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Show that f(x) is constant

  1. Dec 22, 2011 #1
    1. The problem statement, all variables and given/known data

    (I don't have my book with me, so this may not be the correct word-for-word representation of the exercise)

    Suppose f(x) is differentiable on the whole real line. Show that f(x) is constant if for all real numbers x and y,

    |f(x)-f(y)| ≤ (x-y)2.​

    2. Relevant equations

    Definition of a derivative

    3. The attempt at a solution

    f(x)-f(y) ≤ |f(x)-f(y)|, so by basic algebra we have [f(x)-f(y)]/(x-y) ≤ x - y. Letting x approach y on both sides of the inequality yields f '(x) ≤ 0.

    ........ Now I somehow need to show that f '(x) ≥ 0. Ideas?
     
  2. jcsd
  3. Dec 22, 2011 #2

    I like Serena

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    Try using that:

    |f(x)-f(y)| ≤ (x-y)2 = |x-y| |x-y|
     
  4. Dec 22, 2011 #3
    0 ≤ |f(x)-f(y)| ≤ (x-y)2 = |x-y| |x-y|

    ----> 0 ≤ |f(x)-f(y)| / |x-y| ≤ |x-y|
    ----> f '(x) = 0 by the Squeeze Theorem

    My book uses limt→x (f(t)-f(x))/(t-x) for f '(x), which I guess is equivalent to limt→x |f(t)-f(x)|/|t-x|.
     
  5. Dec 22, 2011 #4

    I like Serena

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    Yep. :)

    The latter limit is actually |f'(x)|.
     
  6. Dec 22, 2011 #5

    jgens

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    You actually do not need to use calculus to prove this result! In particular, fix x0,y0 and set δ = (y0-x0)n-1. Then we have:

    |f(y0)-f(x0)| ≤ Ʃ|f(x0+iδ)-f(x0+(i-1)δ)| ≤ Ʃn-2 ≤ n-1

    Since our choice of n was arbitrary, this forces |f(y0)-f(x0)| = 0, or equivalently f(y0) = f(x0).
     
    Last edited: Dec 23, 2011
  7. Dec 22, 2011 #6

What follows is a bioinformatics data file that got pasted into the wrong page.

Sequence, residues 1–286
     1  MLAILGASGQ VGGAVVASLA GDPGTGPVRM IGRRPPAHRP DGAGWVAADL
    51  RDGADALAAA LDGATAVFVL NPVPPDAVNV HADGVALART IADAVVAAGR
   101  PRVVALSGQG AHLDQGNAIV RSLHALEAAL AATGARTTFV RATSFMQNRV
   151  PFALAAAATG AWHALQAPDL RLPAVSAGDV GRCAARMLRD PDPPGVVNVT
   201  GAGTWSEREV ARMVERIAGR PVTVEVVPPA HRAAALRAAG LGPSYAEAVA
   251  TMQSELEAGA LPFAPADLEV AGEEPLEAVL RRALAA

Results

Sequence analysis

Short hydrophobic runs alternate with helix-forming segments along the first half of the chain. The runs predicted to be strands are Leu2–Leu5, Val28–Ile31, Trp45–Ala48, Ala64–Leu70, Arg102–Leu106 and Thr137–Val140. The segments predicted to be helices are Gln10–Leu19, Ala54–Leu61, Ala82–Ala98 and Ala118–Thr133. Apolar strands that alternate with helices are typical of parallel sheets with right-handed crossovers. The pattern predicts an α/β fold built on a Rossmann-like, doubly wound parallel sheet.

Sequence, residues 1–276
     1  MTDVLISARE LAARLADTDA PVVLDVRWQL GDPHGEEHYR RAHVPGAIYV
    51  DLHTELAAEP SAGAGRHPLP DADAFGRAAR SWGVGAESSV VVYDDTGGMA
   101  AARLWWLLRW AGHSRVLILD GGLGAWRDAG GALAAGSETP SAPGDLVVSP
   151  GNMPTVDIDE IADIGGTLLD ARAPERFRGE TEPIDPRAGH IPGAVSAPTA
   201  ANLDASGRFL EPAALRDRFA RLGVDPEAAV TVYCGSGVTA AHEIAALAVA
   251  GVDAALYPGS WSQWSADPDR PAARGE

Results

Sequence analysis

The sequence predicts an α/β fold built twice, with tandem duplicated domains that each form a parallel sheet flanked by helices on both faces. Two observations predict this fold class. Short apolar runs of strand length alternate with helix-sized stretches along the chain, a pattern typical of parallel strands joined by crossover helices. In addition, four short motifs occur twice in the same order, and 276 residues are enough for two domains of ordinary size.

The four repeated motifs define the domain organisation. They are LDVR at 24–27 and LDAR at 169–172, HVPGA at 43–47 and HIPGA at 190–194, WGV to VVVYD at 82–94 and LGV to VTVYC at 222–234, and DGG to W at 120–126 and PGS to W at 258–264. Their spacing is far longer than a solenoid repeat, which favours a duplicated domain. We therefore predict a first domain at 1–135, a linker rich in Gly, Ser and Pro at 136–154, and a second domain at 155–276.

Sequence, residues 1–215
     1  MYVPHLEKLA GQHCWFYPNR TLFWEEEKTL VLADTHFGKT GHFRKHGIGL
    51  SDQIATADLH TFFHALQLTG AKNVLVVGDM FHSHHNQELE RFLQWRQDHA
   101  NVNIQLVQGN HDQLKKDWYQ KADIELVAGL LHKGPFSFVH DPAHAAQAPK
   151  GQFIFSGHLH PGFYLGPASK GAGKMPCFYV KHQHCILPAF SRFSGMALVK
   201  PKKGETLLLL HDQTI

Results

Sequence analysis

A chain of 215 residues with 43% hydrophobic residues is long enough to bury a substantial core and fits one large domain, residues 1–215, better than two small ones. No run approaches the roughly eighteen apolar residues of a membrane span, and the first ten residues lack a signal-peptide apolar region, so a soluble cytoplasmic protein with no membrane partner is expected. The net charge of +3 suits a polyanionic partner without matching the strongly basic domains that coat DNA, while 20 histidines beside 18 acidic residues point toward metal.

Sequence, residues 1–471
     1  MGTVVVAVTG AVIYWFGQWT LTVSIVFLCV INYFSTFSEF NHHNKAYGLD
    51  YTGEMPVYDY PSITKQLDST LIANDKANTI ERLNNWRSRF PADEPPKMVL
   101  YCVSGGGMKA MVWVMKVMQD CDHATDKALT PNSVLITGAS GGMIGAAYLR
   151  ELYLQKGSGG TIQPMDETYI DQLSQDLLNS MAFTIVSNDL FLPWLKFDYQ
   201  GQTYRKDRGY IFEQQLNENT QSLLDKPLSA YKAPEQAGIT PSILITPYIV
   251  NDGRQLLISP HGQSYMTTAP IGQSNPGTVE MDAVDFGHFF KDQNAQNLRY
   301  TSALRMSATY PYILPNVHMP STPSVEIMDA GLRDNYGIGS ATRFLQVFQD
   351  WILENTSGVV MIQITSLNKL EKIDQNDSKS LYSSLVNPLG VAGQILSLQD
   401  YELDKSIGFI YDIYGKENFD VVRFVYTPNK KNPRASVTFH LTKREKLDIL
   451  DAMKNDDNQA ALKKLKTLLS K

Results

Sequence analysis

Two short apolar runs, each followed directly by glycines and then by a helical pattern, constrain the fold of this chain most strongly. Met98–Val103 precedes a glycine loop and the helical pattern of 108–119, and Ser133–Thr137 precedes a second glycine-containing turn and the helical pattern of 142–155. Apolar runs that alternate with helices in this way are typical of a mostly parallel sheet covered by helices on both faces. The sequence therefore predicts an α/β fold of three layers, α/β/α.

But I need to show that f '(x) = 0.

    Wut do?
     
  8. Dec 22, 2011 #7
    ^ Your work is fine.
     
  9. Dec 22, 2011 #8

    I like Serena

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    Indeed. You're work is fine.

    You showed that |f'(x)|=0 which implies that f'(x)=0.
     
  10. Dec 23, 2011 #9
    Thanks so much! I have another question.

    Suppose f is defined and differentiable for every x > 0, and f '(x) → 0 as x → +∞. Put g(x) = f(x+1) - f(x). Prove that g(x) → 0 as x → +∞.

    That g(x) → 0 as x → +∞ is quite obvious, and its proof should be too.

    Attempt: Fix ε > 0. We seek a positive real number x' such that |f(x+1) - f(x)| < ε whenever x ≥ x'.

    I also know that for any ∂ > 0 there exists a x* such that | limt→x (f(t) - f(x)) / (t-x) | < ∂ whenever x ≥ x*.

    Where to go from here, I know not. Hint?
     
  11. Dec 23, 2011 #10

    Dick

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    Try thinking about doing a proof by contradiction. Suppose g(x) does NOT go to zero. Can you use that to prove f'(x) does NOT go to zero?
     
  12. Dec 23, 2011 #11

    I like Serena

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    The Mean value theorem states that for every interval [a,b] there is a value c in the interval (a,b) such that:
    [tex]f'(c)={f(b)-f(a) \over b-a}[/tex]
    assuming f is differentiable.

    Perhaps you can use that?
     
  13. Dec 23, 2011 #12